The kernel is essentially the main core of the operating system which runs and controls all the processes happening in the computer.

Normally the System services and programs run in "protected mode" -- normal "User programs" (your Apps) can't run in this mode - and these programs are normally part of the kernel - or the central program which is always running in your system. For example when you type something on a keyboard the operating system has to have a program that knows exactly when the keyboard is used and what it has to do. (In technical terms this is called "an Interrupt" and the Interrupt manager in the OS will depending on the type of action required call the relevant application to handle the request - for example keyboard input / disk I/O / Screen display etc).

For example after booting Windows you can start an application -- so you must have some program running which is looking or waiting for a command to start your application. After booting you might not enter anything for 30 mins -- but there must be an underlying process running which is notified as soon as you make a mouse click / a keyboard stroke.

Your application isn't concerned with memory management / I/O etc etc. The Operating system ensures that applications run and use their own areas and data from one application isn't corrupted with data from another.

Operating systems are very COMPLEX and to describe them properly goes way beyond the scope of this post. A bit of googling should give you further info.

Cheers
jimbo
My System SpecsSystem Spec
11 Jun 2014   #9

windows 7 home premium 64bit
 
 

If you have problems installing certain updates for windows 7 operating systems, MS will try and tell you the problem is with you and your computer. Most of the time this is not true. If it's just one update or even two out of many, the problem is with MS. It's not you. It's still a good idea to to run chkdsk in cmd just to make sure and run a good full security scan with your security provider. You can fix most problems with cmd. Wait a while...a week or two and MS will eventually fix the error. Chances it's not just you but a lot of people going through the same thing. MS is now geared up for windows 8 and those of us with 7, vista or xp take a back seat.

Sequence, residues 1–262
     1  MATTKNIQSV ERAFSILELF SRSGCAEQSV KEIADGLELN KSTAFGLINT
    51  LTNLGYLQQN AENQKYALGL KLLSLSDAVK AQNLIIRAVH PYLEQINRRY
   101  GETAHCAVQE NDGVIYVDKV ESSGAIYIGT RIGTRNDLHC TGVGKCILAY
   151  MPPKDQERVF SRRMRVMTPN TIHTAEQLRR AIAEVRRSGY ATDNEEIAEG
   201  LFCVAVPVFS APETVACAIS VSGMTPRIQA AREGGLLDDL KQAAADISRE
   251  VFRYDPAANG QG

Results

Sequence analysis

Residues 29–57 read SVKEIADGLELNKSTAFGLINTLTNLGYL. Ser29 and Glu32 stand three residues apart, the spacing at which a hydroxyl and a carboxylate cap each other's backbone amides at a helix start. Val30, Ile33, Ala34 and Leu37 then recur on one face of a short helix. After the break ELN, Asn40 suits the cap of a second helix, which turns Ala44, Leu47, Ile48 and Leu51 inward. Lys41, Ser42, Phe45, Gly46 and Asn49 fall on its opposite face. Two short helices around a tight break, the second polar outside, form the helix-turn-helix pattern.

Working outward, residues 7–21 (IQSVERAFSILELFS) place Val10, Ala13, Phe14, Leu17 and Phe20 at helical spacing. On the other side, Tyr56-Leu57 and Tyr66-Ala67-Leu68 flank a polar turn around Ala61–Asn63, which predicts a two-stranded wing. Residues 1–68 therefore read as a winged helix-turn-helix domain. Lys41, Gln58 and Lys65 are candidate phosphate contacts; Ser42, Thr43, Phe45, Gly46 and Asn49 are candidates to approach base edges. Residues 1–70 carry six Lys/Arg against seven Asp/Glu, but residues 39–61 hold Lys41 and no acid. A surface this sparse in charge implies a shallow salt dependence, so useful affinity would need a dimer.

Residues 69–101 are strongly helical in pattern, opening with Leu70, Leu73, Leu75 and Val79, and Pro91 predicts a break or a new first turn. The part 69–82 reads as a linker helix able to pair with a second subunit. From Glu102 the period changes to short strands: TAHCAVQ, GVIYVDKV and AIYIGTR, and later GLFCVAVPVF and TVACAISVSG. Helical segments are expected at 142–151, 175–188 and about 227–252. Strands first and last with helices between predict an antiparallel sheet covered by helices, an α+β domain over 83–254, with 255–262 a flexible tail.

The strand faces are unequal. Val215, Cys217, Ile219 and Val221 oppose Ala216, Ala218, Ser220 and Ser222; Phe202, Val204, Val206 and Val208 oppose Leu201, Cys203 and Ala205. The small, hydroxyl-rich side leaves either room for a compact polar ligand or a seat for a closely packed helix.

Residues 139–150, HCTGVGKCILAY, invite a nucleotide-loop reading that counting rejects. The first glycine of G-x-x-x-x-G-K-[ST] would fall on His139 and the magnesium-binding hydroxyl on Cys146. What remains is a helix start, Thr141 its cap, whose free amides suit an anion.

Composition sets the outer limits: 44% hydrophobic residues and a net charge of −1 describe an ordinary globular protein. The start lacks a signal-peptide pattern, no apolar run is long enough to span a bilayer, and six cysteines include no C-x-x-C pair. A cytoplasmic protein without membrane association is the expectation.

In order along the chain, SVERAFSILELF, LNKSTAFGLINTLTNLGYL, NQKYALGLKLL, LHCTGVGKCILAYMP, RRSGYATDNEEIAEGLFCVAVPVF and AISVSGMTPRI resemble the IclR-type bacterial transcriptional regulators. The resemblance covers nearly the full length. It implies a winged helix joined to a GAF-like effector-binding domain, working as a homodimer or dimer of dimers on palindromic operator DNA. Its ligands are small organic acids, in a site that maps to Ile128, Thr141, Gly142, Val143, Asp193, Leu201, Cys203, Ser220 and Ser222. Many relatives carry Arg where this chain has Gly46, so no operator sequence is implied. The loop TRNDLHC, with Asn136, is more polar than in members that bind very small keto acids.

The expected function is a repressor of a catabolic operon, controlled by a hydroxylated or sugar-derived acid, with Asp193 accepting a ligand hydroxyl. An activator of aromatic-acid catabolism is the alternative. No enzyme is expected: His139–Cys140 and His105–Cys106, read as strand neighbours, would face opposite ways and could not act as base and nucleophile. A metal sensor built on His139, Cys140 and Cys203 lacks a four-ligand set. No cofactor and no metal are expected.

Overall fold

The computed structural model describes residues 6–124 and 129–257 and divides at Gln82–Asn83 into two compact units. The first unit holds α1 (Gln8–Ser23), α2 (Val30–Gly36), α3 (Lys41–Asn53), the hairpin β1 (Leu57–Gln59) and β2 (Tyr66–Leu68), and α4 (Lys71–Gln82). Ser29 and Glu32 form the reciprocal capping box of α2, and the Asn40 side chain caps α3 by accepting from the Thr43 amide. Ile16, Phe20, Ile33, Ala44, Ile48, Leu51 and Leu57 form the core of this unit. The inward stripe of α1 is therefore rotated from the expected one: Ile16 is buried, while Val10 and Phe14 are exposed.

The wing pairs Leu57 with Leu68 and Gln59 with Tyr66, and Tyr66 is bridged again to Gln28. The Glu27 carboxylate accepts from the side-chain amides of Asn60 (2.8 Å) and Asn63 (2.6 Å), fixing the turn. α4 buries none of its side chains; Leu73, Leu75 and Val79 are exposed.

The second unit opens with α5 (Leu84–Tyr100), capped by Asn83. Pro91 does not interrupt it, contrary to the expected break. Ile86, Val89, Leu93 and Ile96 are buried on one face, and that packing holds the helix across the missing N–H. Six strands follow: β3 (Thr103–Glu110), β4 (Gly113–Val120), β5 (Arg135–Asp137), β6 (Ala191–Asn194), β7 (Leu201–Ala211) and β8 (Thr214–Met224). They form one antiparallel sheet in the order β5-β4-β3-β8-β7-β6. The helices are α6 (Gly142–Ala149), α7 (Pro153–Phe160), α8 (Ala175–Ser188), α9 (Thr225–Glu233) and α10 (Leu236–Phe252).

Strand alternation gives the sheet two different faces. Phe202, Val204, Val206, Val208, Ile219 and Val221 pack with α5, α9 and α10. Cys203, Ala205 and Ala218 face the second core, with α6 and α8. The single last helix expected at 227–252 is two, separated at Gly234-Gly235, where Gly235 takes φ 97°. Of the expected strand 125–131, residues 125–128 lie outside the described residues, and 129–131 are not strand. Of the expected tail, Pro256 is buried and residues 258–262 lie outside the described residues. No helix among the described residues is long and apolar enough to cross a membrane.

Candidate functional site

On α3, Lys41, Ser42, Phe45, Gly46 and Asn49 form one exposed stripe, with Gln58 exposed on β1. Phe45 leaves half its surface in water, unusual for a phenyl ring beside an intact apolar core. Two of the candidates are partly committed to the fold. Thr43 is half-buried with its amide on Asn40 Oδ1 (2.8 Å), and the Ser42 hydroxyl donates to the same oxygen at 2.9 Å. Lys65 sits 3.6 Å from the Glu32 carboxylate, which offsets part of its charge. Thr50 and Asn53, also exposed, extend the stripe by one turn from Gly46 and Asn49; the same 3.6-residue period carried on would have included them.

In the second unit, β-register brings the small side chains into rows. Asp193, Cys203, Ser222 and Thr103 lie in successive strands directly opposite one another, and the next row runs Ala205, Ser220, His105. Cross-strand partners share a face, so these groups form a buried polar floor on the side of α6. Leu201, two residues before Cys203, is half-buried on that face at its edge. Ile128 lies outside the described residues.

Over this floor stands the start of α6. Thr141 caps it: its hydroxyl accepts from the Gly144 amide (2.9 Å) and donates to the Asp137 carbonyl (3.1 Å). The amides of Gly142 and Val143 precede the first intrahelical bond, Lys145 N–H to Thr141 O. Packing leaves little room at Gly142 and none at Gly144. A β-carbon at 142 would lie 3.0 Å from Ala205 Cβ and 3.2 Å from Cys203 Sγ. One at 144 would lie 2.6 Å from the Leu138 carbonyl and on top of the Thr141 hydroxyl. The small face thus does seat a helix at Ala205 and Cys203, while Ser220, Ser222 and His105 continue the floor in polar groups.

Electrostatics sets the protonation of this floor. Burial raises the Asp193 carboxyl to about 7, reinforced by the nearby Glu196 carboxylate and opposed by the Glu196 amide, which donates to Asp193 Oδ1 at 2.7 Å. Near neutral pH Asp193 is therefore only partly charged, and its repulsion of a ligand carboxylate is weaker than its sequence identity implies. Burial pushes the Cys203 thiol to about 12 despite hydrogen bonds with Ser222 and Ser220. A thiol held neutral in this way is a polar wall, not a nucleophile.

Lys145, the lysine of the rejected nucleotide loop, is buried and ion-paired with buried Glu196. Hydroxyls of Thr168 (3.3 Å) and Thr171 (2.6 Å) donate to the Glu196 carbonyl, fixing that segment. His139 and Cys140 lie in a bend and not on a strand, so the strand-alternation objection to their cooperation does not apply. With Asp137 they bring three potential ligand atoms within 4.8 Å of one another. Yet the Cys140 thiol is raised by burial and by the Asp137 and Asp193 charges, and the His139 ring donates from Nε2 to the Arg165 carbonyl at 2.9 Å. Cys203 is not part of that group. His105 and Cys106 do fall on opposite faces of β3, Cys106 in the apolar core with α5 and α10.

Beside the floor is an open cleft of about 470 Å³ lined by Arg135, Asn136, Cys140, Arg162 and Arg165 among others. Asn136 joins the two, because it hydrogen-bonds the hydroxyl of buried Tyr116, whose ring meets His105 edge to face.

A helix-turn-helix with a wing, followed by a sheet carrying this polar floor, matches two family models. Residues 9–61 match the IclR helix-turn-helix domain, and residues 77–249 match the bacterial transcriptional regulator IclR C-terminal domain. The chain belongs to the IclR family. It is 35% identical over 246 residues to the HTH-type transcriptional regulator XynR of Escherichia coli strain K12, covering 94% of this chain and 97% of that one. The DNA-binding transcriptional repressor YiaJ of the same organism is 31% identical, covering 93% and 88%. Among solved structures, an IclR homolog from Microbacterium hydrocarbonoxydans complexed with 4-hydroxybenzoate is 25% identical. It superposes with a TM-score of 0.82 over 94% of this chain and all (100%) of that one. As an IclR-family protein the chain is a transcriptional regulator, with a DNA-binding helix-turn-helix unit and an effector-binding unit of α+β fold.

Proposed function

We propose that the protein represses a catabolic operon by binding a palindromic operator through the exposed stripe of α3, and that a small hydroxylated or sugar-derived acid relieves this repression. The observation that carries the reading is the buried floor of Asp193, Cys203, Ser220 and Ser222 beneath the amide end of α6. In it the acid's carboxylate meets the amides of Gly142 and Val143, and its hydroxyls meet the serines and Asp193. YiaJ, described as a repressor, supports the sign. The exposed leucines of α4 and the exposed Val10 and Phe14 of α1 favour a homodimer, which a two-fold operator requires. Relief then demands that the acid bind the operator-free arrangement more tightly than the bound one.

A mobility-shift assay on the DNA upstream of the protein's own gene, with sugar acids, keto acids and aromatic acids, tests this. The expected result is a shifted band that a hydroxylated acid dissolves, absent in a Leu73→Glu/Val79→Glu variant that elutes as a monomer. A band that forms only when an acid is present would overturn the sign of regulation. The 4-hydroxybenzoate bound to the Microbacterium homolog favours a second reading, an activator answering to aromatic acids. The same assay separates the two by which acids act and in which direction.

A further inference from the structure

My System SpecsSystem Spec
11 Jun 2014   #10

Windows 7 64-bit, Windows 8.1 64-bit, OSX Maverick
 
 

While the kernel does manage memory addresses for applications, the actual memory size and what's written there is controlled by the application in question. The kernel basically allocates the memory buffer, or heap, as requested by the application and the application controls what's written in this buffer. If the size of data being written is greater than the buffer allocation size, then the buffer overflow will take place. And that's not a good thing. The intentionally triggered buffer overflow can crash the system in good case. In bad case, the buffer overflow is used to execute arbitrary code that compromises the system.

Most applications are developed in C/C++ language, that has no built-in routine/function to check/restrict memory buffer boundaries. The developers are suppose to write their own routine that performs this function, but that does not happen all the times.

The Windows SDK, that includes C/C++, has built-in routines for application developers to enforce the memory buffer boundaries, so they don't need to write their own. What the article is complaining about is the difference between intsafe.h (SDK 7 for Windows 7) and strsafe.h (SDK 8 for W8) libraries. Comparing these libraries is pretty much irrelevant, as far as the status of the security patch is concerned for the indicated OS.

As more and more buffer overflow technology utilized by hackers become known, the more "safe functions" will be added to the SDK libraries. Some of them will be forward looking only, while others may make it to the previous version to SDK libraries. This could be a decision based on compatibility and not an intent of abandoning previous OS versions, that are still supported.

The programming error resulting in buffer overflows is the main reason why I use MS EMET 5.0. EMET protects the OS, applications, and browsers against 13 known buffer overflow technologies. Will it protect against all of them? Well, no... There's nothing that programmatically can protect your system against a programmer error...
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 Microsoft is patching Windows 8 but NOT Windows 7